The Department of Labor, in Field Assistance Bulletin (“FAB”) No. 2013-02 released July 22, 2013, has provided plan sponsors and their service providers with flexibility on when they need to give participants in participant-directed individual account plans (e.g., 401(k) plans) the second annual fee disclosure notice (the “Notice”) due under 29 CFR §2550.404a-5 (“§404a-5”).
§404a-5 requires plan sponsors to communicate the following information to plan participants and plan beneficiaries:
- general plan information;
- investment information including a comparative chart; and
- fee information.
The Notice was originally required to be provided no later than 60 days after the effective date of the §408(b)(2) regulations (i.e., July 1, 2012) which meant plan sponsors had until August 30, 2012 to provide the initial Notice to participants. Thereafter, a Notice was required “at least once in any 12 month period” without regard to whether the plan is a calendar or fiscal year plan.
Accordingly, with the first anniversary of the initial August 30, 2012 date fast approaching, plan sponsors needed to determine if, to comply with the “at least once in any 12 month period” requirement, a subsequent Notice was due by August 30, 2013.
However, thanks to FAB 2013-02, plan sponsors can now provide the second Notice no later than 18 months from the date of the initial Notice. The extension is meant to allow Plan Sponsors to send the Notice at a time that will benefit participants (e.g., by reducing administrative costs or by providing the information at a more relevant time such as open enrollment) or to align it with other participant notices typically made either just before or just after the beginning of a plan year. For example, if a plan sponsor who provided the initial Notice on August 25, 2012 believes providing the Notice on a different twelve-month cycle would be more meaningful, it can provide the second Notice no later than February 25, 2014.
Thereafter, Notices would be due once in the 12 month period measured from the date the second Notice is provided and anniversaries thereof.
The one-time election to delay the Notice for up to 18 months also applies to a plan sponsor who timely furnished the first Notice and has furnished the second Notice already. Under the FAB, this plan sponsor could provide its next Notice (the 2014 Notice) no later than 18 months from the date of the second Notice. This gives everyone the same opportunity for a one-time “re-set” of the timing for their annual Notice.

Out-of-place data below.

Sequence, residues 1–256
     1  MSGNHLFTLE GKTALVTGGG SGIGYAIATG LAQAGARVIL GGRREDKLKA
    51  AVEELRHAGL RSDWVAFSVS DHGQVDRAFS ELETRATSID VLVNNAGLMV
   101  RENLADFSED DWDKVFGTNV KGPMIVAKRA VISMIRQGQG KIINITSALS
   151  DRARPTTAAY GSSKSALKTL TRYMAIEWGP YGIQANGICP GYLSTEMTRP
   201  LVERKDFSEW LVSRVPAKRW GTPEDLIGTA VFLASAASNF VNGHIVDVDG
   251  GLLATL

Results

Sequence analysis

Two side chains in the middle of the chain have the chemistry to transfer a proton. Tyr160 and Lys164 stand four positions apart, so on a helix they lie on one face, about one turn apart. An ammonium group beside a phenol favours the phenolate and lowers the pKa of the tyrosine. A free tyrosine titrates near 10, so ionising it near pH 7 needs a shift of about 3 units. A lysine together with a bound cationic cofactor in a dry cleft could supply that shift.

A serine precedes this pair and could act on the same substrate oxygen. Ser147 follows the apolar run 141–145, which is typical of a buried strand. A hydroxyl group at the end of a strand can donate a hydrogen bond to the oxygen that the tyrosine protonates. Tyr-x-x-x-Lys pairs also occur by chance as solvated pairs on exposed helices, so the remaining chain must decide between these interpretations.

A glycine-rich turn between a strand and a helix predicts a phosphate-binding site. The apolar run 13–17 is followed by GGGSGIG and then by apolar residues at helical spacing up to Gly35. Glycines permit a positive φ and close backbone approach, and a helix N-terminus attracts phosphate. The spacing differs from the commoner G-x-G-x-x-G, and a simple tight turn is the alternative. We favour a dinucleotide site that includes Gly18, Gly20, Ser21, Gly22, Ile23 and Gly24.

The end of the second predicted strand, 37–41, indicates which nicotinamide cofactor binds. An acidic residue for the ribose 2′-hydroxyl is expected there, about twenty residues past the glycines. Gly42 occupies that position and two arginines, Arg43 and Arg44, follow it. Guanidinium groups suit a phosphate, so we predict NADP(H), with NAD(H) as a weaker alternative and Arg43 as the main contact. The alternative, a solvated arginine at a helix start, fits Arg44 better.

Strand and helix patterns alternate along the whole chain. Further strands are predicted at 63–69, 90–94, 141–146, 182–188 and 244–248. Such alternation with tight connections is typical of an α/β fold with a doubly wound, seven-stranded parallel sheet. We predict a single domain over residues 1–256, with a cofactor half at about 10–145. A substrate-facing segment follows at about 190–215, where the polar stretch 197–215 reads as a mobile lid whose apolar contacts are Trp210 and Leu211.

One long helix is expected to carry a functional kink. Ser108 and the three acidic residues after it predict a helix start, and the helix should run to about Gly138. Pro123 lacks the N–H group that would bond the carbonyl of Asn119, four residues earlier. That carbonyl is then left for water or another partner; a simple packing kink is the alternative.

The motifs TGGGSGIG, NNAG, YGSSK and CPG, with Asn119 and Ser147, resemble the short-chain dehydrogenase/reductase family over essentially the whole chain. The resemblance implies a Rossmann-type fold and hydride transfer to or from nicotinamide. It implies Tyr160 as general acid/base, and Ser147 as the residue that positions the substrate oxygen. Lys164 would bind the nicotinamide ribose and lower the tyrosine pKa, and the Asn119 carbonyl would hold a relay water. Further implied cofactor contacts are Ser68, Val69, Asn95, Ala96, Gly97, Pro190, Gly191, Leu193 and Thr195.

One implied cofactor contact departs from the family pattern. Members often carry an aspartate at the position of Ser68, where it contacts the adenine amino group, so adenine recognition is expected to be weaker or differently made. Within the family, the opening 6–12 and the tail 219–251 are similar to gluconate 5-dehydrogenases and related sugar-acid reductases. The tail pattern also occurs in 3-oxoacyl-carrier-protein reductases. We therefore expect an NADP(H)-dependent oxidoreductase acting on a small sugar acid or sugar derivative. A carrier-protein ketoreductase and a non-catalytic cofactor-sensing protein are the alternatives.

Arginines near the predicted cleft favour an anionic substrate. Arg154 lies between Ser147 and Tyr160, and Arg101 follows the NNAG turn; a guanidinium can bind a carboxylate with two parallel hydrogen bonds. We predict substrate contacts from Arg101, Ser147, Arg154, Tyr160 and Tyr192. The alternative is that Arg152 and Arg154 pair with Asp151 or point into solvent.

If you have any questions on FAB 2013-02, the Notice requirements or your obligations as a plan sponsor or plan administrator, please give us a call.
 The full text of the FAB can be found here: http://www.dol.gov/ebsa/regs/fab2013-2.html.  The DOL amended its §404(a)(5) regulations at 76 Fed. Reg. 42539 (July 19, 2011) to postpone the effective date of the disclosure requirements until at least 60 days after the effective date of the §408(b)(2) regulations.
A Yale of a Tale
By now you may have heard about (or received a letter from) the Yale Law School Professor who sent letters to approximately 6,000 401(k) plan sponsors informing them that, based on data he has compiled for an upcoming research study “aimed to measure the relative cost to 401(k) plan participants of menu limitations, excess fees and investor allocation mistakes”, their qualified retirement plan may be a “high cost plan.” Rest assured, if you have received this letter there is no reason to panic.
No reason to panic: As to the letters themselves, aside from the fact the study is based predominately on fee information from Form 5500 filings for the 2009 plan year, the study also appears to have limited its focus to publicly traded mutual funds and not all investments available under the plans in the study. And while the Professor rightly reminds plan sponsors that “fiduciary duties are the most stringent imposed by law, and require administrators to act solely in the interest of plan participants”, his study fails to consider a significant factor in measuring fiduciary’s adherence to duties with regard to plan cost -the value of the services the plan receives in exchange for the fees.